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32 Law & Hum. Behav. 1 (2008)

handle is hein.journals/lwhmbv32 and id is 1 raw text is: Law Hum Behav (2008) 32:1-2
DOI 10.1007/s10979-007-9120-x
Introduction to Commentaries on the Illinois Pilot Study
of Lineup Reforms
Brian L. Cutler - Margaret Bull Kovera
Published online: 14 December 2007
© American Psychology-Law Society/Division 41 of the American Psychological Association 2007

Between 2000 and 2002, the Illinois Commission on
Capital Punishment, appointed by then-Governor George
Ryan, reviewed the justice procedures that lead to capital
punishment with the objective of identifying reforms that
enhance the system's fairness and accuracy. The Com-
mission issued its report in 2002. In recognition of the
potential role of mistaken identification in erroneous con-
viction, this report included  six  recommendations
concerning eyewitness identification procedures, several of
which have since become law (see Mecklenburg 2006 for
Following this report, the Illinois legislature mandated a
study of the effects of double-blind and sequential lineup
procedures (two of the six recommendations of the Com-
mission) and provided guidance for the study protocol. In
2004, the Illinois State Police appointed Sheri Mecklen-
burg (who would later become Chief Counsel to the
Chicago Police Department and is now Assistant United
States Attorney) as Director of the field study. The study
was carried out in three Illinois districts. Data were col-
lected in 2004 and 2005 and were analyzed by Drs. Roy
Malpass and Ebbe Ebbesen (independently). Details of the
study and findings appeared in the Report to the Illinois
Legislature (Illinois Pilot Report; Mecklenburg 2006).
Since its publication, the Illinois field study has received
a great deal of attention among eyewitness researchers, law
enforcement, and attorneys. The Illinois Pilot Report has
B. L. Cutler (®)
University of North Carolina at Charlotte, Charlotte, NC, USA
e-mail: blcutler@uncc.edu
M. B. Kovera
John Jay College of Criminal Justice, CUNY, New York, NY,

been the subject of attention at several conferences and
multiple publications on the web and in print. Indeed, the
report has generated sufficient attention that Dr. Margaret
Bull Kovera, Associate Editor, and I decided to devote a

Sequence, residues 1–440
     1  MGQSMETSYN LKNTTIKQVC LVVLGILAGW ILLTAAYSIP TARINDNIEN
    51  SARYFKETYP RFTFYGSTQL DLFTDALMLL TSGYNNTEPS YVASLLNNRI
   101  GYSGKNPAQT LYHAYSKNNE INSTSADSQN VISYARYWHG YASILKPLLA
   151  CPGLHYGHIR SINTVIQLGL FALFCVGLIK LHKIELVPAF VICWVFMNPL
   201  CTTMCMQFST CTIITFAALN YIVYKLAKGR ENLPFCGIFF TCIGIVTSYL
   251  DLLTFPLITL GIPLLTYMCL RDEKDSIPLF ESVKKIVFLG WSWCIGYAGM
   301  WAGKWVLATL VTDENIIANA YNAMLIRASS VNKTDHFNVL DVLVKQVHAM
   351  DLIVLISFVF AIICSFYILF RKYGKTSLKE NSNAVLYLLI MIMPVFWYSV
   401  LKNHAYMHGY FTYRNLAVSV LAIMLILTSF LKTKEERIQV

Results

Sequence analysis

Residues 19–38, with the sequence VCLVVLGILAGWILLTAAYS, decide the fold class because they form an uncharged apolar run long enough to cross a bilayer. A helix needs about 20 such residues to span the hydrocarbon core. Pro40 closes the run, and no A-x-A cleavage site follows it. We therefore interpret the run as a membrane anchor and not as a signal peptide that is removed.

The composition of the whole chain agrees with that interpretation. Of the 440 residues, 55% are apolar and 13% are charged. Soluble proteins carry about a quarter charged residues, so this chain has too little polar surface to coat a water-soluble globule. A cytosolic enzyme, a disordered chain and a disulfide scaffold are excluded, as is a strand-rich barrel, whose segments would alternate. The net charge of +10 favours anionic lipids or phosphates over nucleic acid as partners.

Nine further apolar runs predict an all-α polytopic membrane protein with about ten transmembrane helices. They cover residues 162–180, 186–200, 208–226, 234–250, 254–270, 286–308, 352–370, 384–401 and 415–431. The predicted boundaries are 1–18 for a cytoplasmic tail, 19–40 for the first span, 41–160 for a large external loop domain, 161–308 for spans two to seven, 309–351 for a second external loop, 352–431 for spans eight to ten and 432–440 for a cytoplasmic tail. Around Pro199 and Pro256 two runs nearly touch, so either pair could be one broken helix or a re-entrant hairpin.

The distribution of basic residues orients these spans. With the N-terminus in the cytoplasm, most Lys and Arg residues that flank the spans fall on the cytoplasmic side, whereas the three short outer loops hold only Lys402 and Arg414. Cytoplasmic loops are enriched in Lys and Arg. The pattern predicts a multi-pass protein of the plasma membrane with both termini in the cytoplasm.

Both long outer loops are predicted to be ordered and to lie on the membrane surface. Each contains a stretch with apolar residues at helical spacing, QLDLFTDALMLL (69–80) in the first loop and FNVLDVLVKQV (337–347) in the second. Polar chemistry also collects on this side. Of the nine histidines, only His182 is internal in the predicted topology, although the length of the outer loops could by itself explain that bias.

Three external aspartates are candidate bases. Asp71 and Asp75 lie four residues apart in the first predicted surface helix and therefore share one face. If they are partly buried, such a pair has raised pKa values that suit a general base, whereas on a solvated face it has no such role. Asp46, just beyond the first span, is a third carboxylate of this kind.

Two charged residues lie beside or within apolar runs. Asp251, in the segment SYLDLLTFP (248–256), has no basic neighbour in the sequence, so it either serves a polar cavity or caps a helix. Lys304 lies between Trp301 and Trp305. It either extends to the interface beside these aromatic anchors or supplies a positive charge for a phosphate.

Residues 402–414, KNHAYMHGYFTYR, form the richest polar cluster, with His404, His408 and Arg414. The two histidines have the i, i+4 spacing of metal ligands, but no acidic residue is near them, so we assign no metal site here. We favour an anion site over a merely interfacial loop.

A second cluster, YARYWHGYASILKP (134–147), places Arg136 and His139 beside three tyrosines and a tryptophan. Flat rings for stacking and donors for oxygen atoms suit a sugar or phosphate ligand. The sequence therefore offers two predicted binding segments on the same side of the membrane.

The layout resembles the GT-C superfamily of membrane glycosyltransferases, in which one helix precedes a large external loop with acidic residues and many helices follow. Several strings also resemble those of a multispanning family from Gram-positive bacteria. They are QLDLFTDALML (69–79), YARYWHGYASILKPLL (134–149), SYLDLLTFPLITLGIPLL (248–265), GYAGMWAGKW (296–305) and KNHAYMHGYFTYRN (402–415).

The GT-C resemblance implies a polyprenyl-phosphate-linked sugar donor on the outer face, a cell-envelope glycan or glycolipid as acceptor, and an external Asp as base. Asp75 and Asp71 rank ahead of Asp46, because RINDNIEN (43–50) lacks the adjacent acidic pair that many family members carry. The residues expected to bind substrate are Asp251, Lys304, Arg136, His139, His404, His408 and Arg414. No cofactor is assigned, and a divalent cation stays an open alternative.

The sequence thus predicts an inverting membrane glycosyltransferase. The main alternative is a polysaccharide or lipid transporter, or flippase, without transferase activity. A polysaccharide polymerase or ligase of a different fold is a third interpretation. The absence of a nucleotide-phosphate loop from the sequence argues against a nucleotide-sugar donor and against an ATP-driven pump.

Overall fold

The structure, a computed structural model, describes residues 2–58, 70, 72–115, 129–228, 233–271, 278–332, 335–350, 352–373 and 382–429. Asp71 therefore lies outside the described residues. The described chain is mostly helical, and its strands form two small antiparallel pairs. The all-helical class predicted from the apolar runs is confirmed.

portion of LHB journal space to a forum for commentaries
about the Illinois field study and Illinois Pilot Report
(Mecklenburg 2006).
This section begins with a commentary (Schacter et al.
this issue) co-authored by seven distinguished psycholo-
gists convened by the Center for Modern Forensic Practice
of the John Jay College of Criminal Justice. Their com-
mentary focuses on the methodology of the study with
particular reference to a confound between double-blind
(versus single-blind) and sequential (versus simultaneous)
presentation that was present in the study. Sequential pre-
sentation was always double-blind, and simultaneous
presentation was always single-blind. They conclude that
this design has devastating consequences for assessing the
real-world implications of this particular study and they
explain the reasoning behind their conclusion.
In a spirited defense of the Illinois field study, Sheri
Mecklenburg et al. (this issue), re-iterate and defend the
rationale for the study design, observe that laboratory
studies have confounds that resemble the confound in the
Illinois study, suggest that data from the study can be
evaluated independently of the confound by comparing
results to existing studies, argue against the alternative (and
more pessimistic) interpretations of the study results, and
ultimately conclude that we cannot dismiss the value of a
field study such as the Illinois Pilot Program, which has
great potential to add to the body of knowledge on eye-
witness identification.
All five commentaries conclude that additional field
research on lineup procedures are necessary and that the
timing is right to move forward with these field studies.

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